1935 Buffalo Nickel: Doubled Die Error Brings Big Money

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About the Buffalo Nickel

Minted from 1913 till 1938, the Indian Head, commonly referred to as the Buffalo Nickel, has been a loved coin that can be found in almost every established collector’s hoard.

James Earl Fraser was the original designer of the Buffalo Nickel, creating a coin that paid homage to America’s Native Americans and the iconic American Bison of the west. Fraser’s Buffalo Nickel replaced the long-running Liberty Head Nickel in 1913.

The obverse of the Buffalo Nickel features a bust of a Native American facing right, with the date minted directly below. The word “LIBERTY” can be found directly to the right of the bust.

On the reverse, Fraser used a depiction of the American Bison as the main design, which can be found centered. The denomination “FIVE CENTS” can be found directly below the ground that the bison is standing on. “UNITED STATES OF AMERICA” and “E PLURIBUS UNUM” can be found above the bison.

Unlike other series of coins that had many composition changes over their lifetimes, the Buffalo Nickel was made of the same composition throughout its entire life. This composition was made of a 75% nickel and 25% copper mix and resulted in the Buffalo Nickel weighing 5.0 grams. The diameter is 21.2mm and has no reeding that can be found on the edges.

If you would like to know more about the Buffalo Nickel or other rare and collectible nickels, be sure to check out our Ultimate Guide to Nickels.

History of the 1935 Buffalo Nickel

The final three years of the Buffalo Nickel series saw a large increase in the number of examples that were produced. This resulted in 58,264,000 1935 Buffalo Nickels being produced. This is the smallest mintage out of the final three years of Buffalo Nickel production.

One problem that all Buffalo Nickels faced was the heavy wear that happened quickly while in circulation. This means that most 1935 Buffalo Nickels will have a good amount of wear on them, resulting in the condition being either “Good” or “Fine.”

1935 Buffalo Nickels in better condition are more common than other dates but are still very scarce. The reason that more 1935 Buffalo Nickels can be found in better condition is due to them not experiencing as much circulation as earlier dates.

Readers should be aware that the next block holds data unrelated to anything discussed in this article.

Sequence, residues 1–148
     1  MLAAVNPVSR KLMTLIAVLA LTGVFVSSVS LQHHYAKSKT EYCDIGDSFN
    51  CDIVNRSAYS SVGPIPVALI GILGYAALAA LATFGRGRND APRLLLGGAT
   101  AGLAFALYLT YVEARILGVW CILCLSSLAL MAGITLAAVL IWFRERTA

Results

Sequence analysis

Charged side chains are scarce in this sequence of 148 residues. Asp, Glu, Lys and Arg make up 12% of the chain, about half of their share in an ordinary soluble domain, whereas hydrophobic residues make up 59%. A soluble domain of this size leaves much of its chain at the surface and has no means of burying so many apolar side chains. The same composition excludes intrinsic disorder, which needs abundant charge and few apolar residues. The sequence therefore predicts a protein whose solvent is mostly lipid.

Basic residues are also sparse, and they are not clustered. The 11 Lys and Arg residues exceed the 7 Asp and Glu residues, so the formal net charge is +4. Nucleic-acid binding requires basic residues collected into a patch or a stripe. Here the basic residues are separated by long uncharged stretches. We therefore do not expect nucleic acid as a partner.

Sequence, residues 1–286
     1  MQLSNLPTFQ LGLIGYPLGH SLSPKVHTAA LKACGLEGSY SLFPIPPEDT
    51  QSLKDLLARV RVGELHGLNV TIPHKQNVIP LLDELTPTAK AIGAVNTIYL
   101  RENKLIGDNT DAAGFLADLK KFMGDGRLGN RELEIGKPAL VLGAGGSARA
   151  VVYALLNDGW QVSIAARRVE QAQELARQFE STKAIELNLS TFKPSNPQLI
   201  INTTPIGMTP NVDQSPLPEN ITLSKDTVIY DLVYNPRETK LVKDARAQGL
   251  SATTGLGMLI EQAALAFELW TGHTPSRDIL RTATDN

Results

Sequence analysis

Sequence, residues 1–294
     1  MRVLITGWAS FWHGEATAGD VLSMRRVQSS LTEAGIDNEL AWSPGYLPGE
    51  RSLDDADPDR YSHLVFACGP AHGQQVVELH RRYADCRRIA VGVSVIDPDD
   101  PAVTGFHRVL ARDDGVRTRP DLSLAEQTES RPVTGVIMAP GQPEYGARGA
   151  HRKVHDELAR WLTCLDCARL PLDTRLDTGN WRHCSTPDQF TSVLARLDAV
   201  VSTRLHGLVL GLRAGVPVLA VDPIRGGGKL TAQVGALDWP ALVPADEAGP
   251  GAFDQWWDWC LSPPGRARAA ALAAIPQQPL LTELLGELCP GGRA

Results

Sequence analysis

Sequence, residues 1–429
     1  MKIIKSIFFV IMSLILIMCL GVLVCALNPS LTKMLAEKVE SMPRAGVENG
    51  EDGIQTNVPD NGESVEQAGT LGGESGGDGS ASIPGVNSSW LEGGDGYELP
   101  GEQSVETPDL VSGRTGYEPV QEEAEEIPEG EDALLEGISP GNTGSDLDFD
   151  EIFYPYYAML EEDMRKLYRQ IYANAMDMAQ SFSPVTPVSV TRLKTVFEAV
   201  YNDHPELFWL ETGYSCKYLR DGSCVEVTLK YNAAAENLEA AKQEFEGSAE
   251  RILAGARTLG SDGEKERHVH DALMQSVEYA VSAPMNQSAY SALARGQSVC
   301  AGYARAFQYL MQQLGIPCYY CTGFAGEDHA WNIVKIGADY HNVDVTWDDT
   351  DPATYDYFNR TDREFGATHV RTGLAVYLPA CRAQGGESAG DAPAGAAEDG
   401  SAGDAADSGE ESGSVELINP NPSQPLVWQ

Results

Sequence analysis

1935 Buffalo Nickel

Image Source Flickr user Stephanie Bader

1935 Buffalo Nickel Double Die Reverse

One of the most well-known mint errors for the 1935 Buffalo Nickel is the Double Die Reverse (also known as a DDR).

This error occurs when the master hub has part of the design doubled, which then transfers to the main die used to strike the coins. Coins struck with this die then exhibit the doubling. Doubling in considered a major mint error and normally has a much higher premium than other types of errors.

Specifically, the doubling on the 1935 Buffalo Nickel can be found in the phrase “FIVE CENTS.” At the bottom of each letter, there will be a crease or ledge that is visible.

The use of magnification could be useful in helping distinguish whether there is doubling that is present.

The 1935 Buffalo Nickel DDR is a very rare coin with very few examples ever made. If you suspect that you have such an example, be sure to take the coin to a trusted coin dealer for a second opinion. A third-party coin grader can also help identify, grade, and preserve your coin for a fee.

Value of the 1935 Buffalo Nickel

Minted in much greater numbers than most other dates in the series, the 1935 Buffalo Nickel in average condition is not worth a significant amount. In better condition, the coin is worth much more.

Average 1935 Buffalo Nickels in “Good” condition are worth about $1 while those in “Fine” condition are worth about $2. Higher grade examples in “Extra Fine” condition retail for $3.

Uncirculated grades are worth significantly more than lower graded 1935 Buffalo Nickels. MS-60 examples are valued at $21, while MS-63 is worth $35. PCGS values a 1935 Buffalo Nickel in MS-65 condition at $130.

1935 DDR Buffalo Nickels are worth a huge premium over a regular strike. Even in “Fine” condition, these coins command a hefty price tag of $100. “Extra Fine” condition sees the price skyrocket to $775. Only 6 examples of the 1935 DDR Buffalo Nickel have been graded, and are valued at an astonishing $6,500!

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